Trouble In Foodie Paradise

You know the saying: bad things always come in threes.

I’m fortunate in that I usually have a lot of luck when it comes to dining out. Even if the experience isn’t worthy of a Michelin star, most restaurants in town do what they do, and do it well.

Unfortunately, the rule of three became a reality for me during three recent dining experiences. Even worse, all three restaurants are go-to’s, including one that I recommended recently right here on my blog.

The first was a few weeks ago. Ryan and I were hungry and weren’t in the mood to cook, so we headed to one of our old faithfuls: The Rusty Bucket (otherwise known fondly as the “Busty Rucket” in our house – I know, we’re hilarious!)

The Rusty Bucket is a pretty good chain, serving up pub food in a fun, sports bar setting. We’ve liked it since it first opened years ago in Rookwood Pavilion, although they have slowly but surely taken most of my favorites off the menu since then (replacing them with things like a bologna sandwich, of all things!) Anyway, it’s been consistently good, and is the type of place that’s just…easy. The menu offers a wide variety of dishes (from burgers to pizzas to Chicken Parmesan), so there’s something for everyone.

I was in the mood for a burger, and typically, I really like their Rusty Bucket Burger. The Rusty Bucket is one of the few places that does a basic burger with all the toppings I like: it’s a 1/2 lb. burger topped with American cheese, lettuce, tomato, pickle chips, onion, sweet pickle relish and mayo on a really soft but substantial bun. Not enough places have sweet pickle relish on their burgers! I ordered the burger medium with a side of sweet potato fries – much better than their bland, regular french fries.

The burger came out, and when I took a bite, it was red. Not just a little pink – dark red. Look, I’m the wife of a former butcher, and I’m not afraid of a little pink in my meat. This one freaked me out a little, though. I asked Ryan for his advice, and although he agreed it definitely wasn’t a medium burger, he said it was safe to eat. Considering a server couldn’t be found to offer help, I ate half of it, immediately felt queasy, and spent the rest of the night (into the morning) full-on sick. I’ll spare you the details, but we haven’t been back since – and I’m not sure I’ll ever go back, to be honest.

The second of the three came when we went to another tried-and-true restaurant. I have recommended this place continuously to friends, my family, and of course, my dear readers: Tacqueria Mercado in downtown Cincinnati.

Now, this place isn’t known for its stellar service – it can admittedly be patchy at times – but I was pretty astonished by the way we were treated this time around, especially considering we are regulars! We were completely ignored. When we finally flagged someone down to take our order, we each asked for the tomato soup to start, and then main entrees. 45 minutes later, our server brought out the soups and our entrees all at once, which meant that we had to decide if we wanted hot soup or hot chimichangas. What’s worse is that the server didn’t make eye contact with us at all throughout our entire meal, even when she gave us our check – she grunted at us when we gave her the payment! It made me want to retract my review, even after so many positive experiences there.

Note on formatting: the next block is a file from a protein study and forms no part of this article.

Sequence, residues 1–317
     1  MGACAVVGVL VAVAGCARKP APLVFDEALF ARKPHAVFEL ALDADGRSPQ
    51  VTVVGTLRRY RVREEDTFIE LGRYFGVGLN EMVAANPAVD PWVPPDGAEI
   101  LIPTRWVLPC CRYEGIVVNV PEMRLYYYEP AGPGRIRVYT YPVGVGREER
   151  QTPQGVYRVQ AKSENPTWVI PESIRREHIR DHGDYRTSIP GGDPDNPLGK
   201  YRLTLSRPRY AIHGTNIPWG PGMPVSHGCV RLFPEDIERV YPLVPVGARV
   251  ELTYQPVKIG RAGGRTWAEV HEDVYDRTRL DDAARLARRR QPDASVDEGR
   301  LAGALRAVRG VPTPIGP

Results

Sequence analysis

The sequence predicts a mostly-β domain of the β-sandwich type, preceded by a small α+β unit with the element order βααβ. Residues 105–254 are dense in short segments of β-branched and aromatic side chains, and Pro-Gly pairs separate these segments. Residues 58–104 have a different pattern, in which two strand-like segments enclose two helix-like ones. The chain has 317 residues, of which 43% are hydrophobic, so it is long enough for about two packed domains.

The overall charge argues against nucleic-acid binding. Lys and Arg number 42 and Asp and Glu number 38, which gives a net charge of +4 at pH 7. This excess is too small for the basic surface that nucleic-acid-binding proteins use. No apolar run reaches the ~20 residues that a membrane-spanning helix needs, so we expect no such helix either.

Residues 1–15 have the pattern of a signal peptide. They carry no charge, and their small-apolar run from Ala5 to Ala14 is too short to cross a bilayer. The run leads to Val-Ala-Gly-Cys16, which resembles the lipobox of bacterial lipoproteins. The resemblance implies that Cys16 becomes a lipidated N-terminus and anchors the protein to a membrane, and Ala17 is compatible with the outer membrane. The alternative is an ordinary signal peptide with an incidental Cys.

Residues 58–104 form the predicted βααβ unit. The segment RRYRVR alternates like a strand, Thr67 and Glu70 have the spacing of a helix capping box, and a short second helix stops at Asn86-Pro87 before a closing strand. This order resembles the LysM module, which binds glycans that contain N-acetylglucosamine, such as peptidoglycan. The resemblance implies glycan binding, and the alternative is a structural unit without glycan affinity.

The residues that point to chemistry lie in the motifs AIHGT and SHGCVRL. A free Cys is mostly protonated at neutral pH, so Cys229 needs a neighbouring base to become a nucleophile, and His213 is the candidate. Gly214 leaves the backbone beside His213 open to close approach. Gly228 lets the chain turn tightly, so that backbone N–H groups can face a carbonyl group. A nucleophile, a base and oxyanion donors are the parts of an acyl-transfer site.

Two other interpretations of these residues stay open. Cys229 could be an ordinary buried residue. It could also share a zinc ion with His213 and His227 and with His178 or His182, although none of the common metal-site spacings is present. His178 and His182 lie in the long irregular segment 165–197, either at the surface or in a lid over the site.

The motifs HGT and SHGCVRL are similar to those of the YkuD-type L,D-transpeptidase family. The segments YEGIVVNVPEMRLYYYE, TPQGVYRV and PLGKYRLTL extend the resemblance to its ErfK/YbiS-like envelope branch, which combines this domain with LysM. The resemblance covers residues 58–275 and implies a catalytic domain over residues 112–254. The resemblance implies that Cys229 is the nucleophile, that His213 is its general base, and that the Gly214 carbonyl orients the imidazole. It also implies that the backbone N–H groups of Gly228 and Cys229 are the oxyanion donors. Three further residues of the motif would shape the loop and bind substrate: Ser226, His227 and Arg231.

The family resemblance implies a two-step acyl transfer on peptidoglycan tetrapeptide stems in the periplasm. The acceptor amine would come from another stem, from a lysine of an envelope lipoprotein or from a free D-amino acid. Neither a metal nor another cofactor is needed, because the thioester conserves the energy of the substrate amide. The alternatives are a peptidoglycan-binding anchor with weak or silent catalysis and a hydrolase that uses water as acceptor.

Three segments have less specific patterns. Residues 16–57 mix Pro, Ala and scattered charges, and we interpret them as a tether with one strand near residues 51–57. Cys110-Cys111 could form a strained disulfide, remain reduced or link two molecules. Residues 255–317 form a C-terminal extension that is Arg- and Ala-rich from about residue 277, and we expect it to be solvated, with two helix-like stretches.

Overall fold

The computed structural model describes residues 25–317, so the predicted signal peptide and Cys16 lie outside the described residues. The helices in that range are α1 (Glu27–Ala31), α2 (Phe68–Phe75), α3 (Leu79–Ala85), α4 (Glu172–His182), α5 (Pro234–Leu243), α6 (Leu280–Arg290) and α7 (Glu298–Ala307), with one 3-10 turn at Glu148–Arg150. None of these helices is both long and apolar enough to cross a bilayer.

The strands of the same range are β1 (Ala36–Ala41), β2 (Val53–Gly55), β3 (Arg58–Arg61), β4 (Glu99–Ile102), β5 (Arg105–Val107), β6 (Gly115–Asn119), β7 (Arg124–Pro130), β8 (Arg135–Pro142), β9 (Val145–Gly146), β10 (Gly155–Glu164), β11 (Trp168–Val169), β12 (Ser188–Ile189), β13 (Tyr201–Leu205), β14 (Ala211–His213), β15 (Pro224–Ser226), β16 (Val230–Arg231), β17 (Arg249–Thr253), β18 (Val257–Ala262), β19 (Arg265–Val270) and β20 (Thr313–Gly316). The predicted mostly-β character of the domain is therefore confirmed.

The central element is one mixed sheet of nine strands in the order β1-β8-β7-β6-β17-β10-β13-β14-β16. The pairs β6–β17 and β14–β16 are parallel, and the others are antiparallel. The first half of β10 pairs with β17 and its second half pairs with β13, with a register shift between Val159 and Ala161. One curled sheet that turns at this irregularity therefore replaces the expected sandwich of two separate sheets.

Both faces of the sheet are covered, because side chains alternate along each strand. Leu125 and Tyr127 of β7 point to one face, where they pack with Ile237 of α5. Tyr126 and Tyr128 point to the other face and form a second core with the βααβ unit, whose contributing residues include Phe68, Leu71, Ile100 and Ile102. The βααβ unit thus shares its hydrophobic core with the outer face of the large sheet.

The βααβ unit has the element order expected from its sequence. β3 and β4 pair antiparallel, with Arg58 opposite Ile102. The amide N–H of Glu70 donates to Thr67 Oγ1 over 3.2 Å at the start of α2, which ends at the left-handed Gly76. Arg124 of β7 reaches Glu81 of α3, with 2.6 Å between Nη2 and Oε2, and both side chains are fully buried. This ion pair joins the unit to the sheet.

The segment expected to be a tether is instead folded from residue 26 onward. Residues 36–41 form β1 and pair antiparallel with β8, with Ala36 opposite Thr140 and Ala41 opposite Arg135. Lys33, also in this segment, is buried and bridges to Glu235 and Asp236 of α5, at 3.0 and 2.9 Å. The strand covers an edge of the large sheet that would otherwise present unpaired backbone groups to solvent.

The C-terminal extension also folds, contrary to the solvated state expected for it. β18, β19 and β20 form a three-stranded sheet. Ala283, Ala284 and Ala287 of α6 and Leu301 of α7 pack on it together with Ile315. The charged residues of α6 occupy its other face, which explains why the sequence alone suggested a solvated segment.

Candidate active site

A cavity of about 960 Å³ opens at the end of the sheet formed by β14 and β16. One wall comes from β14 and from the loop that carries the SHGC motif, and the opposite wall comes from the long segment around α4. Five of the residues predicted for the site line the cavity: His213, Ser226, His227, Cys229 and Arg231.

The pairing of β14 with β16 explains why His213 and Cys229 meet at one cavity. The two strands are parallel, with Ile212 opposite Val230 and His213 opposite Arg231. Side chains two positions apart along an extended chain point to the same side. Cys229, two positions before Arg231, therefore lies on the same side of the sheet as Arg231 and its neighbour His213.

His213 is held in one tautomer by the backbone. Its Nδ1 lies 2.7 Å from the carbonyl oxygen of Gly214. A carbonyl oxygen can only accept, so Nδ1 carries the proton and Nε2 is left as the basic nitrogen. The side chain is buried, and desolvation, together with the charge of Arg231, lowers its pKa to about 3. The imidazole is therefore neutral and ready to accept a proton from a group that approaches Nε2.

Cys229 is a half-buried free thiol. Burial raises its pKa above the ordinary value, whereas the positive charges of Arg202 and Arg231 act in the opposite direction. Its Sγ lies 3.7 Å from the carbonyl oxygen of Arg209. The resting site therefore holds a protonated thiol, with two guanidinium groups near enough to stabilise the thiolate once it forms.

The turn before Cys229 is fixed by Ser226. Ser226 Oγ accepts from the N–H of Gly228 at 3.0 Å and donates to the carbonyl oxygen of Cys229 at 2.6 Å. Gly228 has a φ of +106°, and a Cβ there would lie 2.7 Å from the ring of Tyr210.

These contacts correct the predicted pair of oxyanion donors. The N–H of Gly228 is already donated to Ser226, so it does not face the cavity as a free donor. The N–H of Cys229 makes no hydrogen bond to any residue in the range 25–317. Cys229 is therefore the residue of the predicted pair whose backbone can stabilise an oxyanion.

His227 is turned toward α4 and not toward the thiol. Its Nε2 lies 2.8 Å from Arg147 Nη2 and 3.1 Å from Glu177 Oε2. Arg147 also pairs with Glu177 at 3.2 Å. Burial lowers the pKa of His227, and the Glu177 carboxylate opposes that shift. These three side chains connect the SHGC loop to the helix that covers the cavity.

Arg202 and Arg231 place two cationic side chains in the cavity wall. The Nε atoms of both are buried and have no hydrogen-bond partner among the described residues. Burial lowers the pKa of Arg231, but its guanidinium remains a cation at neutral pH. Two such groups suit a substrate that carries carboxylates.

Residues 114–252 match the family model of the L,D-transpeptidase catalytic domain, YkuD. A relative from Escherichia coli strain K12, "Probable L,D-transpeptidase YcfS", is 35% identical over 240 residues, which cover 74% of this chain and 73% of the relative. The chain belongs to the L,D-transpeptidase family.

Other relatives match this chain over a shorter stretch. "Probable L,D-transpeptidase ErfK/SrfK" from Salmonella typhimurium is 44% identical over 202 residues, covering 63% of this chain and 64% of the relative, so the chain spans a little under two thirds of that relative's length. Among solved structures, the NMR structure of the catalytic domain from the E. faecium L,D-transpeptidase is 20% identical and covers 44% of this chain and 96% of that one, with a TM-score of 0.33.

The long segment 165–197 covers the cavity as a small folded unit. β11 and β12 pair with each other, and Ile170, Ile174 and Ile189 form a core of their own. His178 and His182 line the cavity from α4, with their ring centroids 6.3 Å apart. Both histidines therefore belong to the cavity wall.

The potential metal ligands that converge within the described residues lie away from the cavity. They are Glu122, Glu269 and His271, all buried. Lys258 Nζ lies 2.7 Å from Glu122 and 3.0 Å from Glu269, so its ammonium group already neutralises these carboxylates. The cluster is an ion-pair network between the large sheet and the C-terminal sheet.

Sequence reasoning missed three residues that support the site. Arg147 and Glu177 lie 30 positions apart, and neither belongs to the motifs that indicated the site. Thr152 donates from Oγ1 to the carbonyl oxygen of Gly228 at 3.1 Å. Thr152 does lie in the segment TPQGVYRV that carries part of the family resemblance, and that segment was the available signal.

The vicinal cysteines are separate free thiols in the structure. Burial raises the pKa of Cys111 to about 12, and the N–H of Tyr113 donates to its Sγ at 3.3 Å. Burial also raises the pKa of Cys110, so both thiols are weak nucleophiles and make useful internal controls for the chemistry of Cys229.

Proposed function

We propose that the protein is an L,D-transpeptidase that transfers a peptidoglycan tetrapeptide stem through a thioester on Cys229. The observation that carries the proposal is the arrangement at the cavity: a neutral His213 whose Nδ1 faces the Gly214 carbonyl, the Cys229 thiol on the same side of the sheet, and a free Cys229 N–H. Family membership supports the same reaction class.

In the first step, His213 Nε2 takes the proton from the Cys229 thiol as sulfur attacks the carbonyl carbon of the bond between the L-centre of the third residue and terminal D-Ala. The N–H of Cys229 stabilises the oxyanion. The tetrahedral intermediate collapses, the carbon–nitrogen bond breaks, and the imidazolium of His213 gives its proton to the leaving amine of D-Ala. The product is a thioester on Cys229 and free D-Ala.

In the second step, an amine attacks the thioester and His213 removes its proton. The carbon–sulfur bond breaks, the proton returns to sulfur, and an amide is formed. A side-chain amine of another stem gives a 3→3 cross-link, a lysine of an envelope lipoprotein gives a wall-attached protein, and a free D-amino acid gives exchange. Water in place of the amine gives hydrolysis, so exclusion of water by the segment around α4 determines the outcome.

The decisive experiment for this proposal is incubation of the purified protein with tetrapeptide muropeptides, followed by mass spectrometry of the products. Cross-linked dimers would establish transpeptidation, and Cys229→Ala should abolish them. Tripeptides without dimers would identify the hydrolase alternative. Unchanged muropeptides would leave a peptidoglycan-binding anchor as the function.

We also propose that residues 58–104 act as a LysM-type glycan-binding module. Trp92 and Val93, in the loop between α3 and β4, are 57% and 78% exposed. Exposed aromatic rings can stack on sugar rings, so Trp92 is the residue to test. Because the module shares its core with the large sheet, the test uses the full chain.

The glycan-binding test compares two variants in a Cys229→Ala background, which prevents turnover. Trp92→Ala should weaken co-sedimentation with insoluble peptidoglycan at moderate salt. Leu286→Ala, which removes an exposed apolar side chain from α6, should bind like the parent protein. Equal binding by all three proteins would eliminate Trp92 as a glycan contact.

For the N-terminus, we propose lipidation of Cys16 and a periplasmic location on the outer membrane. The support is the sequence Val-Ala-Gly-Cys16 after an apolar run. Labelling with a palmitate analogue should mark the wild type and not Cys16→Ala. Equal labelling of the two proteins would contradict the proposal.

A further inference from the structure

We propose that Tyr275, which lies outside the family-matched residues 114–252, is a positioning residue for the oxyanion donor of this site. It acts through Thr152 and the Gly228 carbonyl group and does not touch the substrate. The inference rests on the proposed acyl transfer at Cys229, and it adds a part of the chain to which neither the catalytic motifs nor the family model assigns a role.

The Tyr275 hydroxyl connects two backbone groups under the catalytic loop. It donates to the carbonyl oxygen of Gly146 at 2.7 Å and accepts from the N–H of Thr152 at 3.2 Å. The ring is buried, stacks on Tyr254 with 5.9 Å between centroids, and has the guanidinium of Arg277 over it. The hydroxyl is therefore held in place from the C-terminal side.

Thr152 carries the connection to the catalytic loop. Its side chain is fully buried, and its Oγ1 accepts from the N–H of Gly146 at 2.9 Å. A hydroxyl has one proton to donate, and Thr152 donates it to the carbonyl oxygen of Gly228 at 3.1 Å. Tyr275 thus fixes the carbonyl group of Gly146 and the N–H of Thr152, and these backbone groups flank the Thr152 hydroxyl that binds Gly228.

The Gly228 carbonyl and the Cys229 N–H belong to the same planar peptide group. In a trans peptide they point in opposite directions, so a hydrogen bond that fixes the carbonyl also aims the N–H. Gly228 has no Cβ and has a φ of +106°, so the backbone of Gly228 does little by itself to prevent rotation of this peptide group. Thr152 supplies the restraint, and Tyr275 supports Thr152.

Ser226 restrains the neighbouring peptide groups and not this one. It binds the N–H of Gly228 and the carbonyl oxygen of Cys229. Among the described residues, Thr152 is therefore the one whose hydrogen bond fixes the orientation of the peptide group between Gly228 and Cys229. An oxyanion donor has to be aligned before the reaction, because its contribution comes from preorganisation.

The third, and hopefully final, bad experience came last weekend. I have been a regular diner at The Echo since I was 10 years old, when I would walk to Hyde Park Square and chow down on chocolate milkshakes with chocolate chip pancakes at the bar top with my friends after a sleepover the night before. The Echo is a neighborhood institution, home of the Hot Mess (the ultimate hangover cure), and a place that will always be very nostalgic for me.

I had never had a bad experience here – even on their busiest Sunday mornings – until now. Again, we were ignored for 30 minutes before anyone came to take our orders. I ordered a burger, and Ryan ordered a double decker. I watched for another half hour while my burger sat under the heat lamps. When it was finally brought to the table with Ryan’s sandwich, I asked the server if it would still be okay, considering I had seen it sit out for that long. She rebuffed, rudely: “I promise you, it’s fine. We let food sit out for longer than that ALL the time. If you’re really THAT worried about it, I can get them to make you a new one.” Warm isn’t the same as hot, and how about we take that attitude down a notch?

I touched the burger and it was cold, so I sent it back. We were pretty perplexed by how quickly my burger was ready, but how long it took to make a cold, double decker sandwich. Then, Ryan dug into his meal, and we were even more confused. His sandwich was a complete disaster: the meat was in huge chunks – not lunch meat at all – and half of it was piping hot, and other parts were stone cold, almost like it had been microwaved.

When Ryan had finished his meal (he left the majority of it on the plate), the owner of the The Echo brought out my new burger, placed it in front of me, and said, “Is THAT better?”

I’m almost afraid to eat out again, just in case I lose my faith in any of my other go-to casual restaurants. Maybe I should just avoid burgers? Hopefully, the rule of threes holds true, and it will be smooth sailing from here on out.

What’s the worst dining experience you’ve had? How did you manage it?

Until next time,

LL